In his early work, Rozanov had already focused on sexuality and procreation, and sensationally argued that sexuality itself was of divine origin. In view of his daring pronouncements, it is not surprising that his book, V mire neiasnogo i nereshennogo (In the World of the Unclear and Undecided) (1901), was taken out from circulation a month after its publication, and he was labeled by the high-ranking ministers, responsible for censorship, as “a terrible pornographer” (Gollerbakh 1922b, p. 49).7 In “Brak i khristianstvo” (Rozanov 1995a) (“Marriage and Christianity”) (1898), he shocked his readers by proclaiming that the very essence from which sexual organs are made was not of “phenomenal” but “supra-natural” (sverkhestestven), even cosmic origin:
Quite often, the thought occurred to me, and still occurs to me, that the very “clod of earth” from which that place is made has a totally different origin from the other parts of the body (this is why, during the usual, phenomenal time and with the usual eye, we cannot even look at it) and it is to other parts of the body the same as iron from a meteorite is to ordinary iron. (“Brak i khristianstvo” (“Marriage and Christianity”), p. 119)8.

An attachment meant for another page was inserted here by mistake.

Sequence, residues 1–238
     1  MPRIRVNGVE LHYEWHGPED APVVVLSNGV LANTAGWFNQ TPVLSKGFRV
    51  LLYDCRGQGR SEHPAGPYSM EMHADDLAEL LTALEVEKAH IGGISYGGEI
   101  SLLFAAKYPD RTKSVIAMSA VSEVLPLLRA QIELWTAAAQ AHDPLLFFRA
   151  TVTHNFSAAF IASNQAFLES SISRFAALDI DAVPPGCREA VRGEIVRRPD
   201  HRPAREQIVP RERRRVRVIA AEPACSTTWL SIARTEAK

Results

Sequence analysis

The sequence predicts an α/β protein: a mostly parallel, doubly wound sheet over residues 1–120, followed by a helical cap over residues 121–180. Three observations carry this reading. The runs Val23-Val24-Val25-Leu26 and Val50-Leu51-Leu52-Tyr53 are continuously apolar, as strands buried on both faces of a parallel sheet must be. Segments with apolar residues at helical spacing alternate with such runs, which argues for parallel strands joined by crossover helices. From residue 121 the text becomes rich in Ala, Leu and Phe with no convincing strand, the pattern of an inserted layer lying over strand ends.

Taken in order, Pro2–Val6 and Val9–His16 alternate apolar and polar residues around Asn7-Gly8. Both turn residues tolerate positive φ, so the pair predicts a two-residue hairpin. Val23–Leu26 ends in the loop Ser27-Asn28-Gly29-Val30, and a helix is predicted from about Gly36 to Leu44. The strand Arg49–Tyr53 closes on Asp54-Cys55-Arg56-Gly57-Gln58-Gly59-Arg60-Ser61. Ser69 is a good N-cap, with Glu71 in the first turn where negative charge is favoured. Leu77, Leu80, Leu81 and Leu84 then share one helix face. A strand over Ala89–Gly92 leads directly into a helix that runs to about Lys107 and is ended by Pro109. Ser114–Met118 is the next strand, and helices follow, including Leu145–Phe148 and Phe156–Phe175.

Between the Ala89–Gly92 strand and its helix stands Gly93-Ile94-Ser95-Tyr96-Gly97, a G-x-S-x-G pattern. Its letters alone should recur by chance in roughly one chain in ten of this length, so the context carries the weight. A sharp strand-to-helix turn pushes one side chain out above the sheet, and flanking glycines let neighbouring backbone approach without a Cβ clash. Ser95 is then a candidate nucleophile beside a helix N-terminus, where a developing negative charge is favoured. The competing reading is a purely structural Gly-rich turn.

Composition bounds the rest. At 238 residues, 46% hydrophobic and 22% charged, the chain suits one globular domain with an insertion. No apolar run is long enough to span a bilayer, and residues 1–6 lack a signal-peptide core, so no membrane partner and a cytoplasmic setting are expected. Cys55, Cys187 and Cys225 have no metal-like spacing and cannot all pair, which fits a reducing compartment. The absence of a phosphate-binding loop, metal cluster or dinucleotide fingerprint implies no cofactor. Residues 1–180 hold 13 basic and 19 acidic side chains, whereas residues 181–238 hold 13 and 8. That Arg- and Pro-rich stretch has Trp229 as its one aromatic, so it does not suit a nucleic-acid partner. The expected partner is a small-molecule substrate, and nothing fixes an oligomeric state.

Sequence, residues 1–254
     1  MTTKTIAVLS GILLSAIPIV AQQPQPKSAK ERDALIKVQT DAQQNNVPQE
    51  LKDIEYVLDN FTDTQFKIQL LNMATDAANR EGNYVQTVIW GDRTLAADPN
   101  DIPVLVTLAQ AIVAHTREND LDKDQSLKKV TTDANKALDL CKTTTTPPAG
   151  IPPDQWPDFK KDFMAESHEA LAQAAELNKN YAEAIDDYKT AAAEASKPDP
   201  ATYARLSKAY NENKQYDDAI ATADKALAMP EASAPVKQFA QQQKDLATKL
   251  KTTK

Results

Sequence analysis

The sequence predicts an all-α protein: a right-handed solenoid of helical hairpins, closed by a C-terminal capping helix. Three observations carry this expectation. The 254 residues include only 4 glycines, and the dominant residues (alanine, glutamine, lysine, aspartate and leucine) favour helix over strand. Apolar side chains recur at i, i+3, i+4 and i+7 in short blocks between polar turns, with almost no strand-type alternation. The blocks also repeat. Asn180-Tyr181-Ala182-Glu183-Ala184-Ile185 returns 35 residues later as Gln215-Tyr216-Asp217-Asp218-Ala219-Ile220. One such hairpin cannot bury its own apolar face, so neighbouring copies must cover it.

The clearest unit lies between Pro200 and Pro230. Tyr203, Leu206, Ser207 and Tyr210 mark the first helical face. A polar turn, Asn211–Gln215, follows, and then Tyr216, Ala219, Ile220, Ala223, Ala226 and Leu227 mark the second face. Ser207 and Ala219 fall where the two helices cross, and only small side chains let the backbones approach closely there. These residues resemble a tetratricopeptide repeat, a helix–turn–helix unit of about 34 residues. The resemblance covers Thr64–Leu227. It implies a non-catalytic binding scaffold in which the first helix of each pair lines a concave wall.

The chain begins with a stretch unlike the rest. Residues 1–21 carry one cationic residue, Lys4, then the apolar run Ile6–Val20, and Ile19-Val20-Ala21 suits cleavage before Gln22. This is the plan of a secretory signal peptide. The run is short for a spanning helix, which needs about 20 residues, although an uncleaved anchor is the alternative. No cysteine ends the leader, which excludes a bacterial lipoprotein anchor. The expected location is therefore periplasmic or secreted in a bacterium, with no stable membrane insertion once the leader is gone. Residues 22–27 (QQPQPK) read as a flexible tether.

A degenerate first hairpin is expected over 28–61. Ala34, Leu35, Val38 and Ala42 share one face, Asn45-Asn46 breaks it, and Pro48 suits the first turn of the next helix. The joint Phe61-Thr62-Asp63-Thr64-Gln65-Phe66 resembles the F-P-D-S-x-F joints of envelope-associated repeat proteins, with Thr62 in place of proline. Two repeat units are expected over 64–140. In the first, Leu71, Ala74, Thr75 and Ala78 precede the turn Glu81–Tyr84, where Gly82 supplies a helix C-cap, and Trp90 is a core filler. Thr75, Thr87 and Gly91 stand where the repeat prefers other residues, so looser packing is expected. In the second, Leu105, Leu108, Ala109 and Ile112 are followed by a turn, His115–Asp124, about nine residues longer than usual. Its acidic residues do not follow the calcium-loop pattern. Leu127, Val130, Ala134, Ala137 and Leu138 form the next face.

Italicizing important words and concepts, he argued that human sexuality was a manifestation of the (“noumenal ‘nost’”) noumenality of the human body, the latter he explained as “the second and most important, but hidden from the rational conscience, part of things” (“Iz zagadok” (“From the mysteries of human nature”) p. 29).